China’s state media say the country’s military plans to hold its first digital war games.
The news comes amid growing tension with the US over allegations that Chinese hackers have accessed more than 20 designs for advanced US weapons systems.
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A report by the official Xinhua news agency said the exercise will "test new types of combat forces including units using digital technology amid efforts to adjust to informationalised war".
"It will be the first time a People's Liberation Army exercise has focused on combat forces including digitalised units,” the report said.
US president Barack Obama is to discuss cyber security with the Chinese president, Xi Jinping, during a meeting in California next week, according to the Guardian.
The meeting comes amid growing US concerns over Chinese hacking activities, fueled by the latest report prepared for the Pentagon that alleges that military plans have been accessed.
The report comes just weeks after the Pentagon’s annual report to Congress accused China for the first time of trying to break into US defence computer networks.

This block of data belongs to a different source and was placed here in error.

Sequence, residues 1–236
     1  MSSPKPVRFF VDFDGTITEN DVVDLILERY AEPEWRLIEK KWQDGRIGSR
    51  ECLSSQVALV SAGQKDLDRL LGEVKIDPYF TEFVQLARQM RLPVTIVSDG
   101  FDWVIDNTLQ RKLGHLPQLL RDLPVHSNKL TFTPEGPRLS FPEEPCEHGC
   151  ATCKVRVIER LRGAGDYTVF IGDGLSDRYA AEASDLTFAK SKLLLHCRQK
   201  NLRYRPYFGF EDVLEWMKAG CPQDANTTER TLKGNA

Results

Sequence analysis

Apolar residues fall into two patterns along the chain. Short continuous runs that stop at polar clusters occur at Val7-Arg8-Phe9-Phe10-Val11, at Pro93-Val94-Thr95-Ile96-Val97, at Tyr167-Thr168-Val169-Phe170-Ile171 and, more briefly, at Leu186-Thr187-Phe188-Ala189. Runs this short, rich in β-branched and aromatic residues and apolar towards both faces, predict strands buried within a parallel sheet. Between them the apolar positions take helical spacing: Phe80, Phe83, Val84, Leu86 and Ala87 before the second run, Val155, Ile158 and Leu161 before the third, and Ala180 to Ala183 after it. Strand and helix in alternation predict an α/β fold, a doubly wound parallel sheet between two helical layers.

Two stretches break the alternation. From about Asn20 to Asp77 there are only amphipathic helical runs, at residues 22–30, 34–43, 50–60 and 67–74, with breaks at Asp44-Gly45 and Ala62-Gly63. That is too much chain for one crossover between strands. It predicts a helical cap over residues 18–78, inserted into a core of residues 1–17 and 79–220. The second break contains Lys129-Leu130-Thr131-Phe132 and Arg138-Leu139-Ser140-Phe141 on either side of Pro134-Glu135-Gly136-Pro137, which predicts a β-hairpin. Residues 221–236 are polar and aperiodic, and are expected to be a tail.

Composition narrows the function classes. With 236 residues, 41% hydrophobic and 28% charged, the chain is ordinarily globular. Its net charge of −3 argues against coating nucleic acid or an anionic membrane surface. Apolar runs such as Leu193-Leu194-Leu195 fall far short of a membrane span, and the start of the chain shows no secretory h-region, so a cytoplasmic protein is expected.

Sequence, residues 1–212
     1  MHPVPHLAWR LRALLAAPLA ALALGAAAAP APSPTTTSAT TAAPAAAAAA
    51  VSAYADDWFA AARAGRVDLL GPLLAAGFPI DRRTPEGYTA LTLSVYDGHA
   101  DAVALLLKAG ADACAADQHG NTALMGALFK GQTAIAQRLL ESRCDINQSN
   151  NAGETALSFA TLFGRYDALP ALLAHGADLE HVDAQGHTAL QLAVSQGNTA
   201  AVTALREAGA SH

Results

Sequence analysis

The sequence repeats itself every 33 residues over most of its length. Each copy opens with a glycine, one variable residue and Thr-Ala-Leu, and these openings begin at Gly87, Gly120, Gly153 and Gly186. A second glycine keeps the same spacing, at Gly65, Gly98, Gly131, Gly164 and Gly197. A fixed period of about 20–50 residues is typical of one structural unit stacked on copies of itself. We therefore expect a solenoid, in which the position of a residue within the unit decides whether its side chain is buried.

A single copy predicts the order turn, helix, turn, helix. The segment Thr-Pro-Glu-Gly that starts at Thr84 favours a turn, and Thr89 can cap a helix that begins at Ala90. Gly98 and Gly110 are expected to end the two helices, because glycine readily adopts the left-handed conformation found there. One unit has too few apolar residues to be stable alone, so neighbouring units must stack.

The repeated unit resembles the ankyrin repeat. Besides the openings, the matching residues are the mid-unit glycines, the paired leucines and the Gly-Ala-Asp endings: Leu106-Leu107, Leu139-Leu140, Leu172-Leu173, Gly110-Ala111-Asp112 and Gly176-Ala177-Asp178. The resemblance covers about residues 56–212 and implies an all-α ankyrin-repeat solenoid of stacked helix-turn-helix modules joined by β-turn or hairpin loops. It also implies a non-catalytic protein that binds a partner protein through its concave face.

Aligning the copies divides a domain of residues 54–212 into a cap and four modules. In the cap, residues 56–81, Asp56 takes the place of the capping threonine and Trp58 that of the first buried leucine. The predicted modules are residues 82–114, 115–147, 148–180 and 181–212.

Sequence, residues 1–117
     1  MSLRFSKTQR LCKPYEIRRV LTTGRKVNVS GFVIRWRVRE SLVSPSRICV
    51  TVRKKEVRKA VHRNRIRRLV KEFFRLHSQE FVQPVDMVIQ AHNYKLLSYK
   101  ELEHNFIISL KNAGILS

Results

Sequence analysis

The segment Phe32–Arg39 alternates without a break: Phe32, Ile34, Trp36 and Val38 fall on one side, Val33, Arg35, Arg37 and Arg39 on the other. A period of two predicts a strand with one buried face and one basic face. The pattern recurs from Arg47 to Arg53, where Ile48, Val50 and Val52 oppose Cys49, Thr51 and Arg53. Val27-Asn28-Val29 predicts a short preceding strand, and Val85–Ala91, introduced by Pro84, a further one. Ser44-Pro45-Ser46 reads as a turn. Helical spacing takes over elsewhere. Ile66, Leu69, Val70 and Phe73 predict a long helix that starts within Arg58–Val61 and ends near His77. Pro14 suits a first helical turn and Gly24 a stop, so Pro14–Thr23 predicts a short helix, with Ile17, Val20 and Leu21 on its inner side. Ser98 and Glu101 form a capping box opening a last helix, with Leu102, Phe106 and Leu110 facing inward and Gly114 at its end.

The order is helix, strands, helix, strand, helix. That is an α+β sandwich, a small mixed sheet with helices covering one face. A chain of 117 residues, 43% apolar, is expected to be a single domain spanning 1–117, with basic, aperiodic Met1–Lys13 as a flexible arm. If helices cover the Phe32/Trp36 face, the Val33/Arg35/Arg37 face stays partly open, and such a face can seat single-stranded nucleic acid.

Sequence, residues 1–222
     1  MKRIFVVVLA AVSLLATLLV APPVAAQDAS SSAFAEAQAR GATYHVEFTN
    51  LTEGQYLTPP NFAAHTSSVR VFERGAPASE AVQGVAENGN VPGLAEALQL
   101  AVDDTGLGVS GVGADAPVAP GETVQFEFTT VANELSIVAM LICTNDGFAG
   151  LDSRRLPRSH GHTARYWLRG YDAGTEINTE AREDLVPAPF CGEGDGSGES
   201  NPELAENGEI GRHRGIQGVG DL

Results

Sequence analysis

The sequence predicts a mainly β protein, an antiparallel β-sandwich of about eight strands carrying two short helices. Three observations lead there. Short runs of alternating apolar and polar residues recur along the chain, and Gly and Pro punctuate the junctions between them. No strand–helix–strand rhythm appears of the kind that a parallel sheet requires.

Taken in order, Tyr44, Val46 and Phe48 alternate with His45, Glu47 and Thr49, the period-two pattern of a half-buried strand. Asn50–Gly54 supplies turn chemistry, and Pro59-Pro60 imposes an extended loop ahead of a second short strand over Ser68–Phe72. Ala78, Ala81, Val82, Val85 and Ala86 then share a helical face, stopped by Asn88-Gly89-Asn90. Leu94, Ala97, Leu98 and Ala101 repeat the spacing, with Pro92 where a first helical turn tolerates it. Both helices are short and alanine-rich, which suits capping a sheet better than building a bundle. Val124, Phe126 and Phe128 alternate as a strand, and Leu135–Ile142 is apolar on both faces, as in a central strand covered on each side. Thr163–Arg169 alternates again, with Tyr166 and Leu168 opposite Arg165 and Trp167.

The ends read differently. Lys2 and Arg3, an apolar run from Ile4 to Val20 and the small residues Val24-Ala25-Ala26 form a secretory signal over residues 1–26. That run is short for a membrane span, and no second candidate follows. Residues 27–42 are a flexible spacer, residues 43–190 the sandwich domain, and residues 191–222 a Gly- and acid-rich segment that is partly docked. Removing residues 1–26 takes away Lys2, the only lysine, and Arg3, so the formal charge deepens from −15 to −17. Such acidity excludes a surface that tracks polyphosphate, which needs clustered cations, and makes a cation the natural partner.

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In March, the Obama administration called on China to end its campaign of cyber espionage, warning that the hacking activity could derail efforts to build stronger ties between the countries.
In February, a report by US security firm Mandiant said that a large proportion of cyber attacks on US companies and government agencies and organisations originated from a Chinese military unit in Shanghai.
China has denied any involvement and condemned the report for lack of hard evidence.
Earlier in May, US officials said the Shanghai-based unit of China’s People’s Liberation Army (PLA) had resumed attacks after going quiet just after the release of the Mandiant report.
They said the unit appeared to have resumed its attacks using different techniques. Mandiant also said the attacks had resumed and that the victims included many of those the unit had attacked before.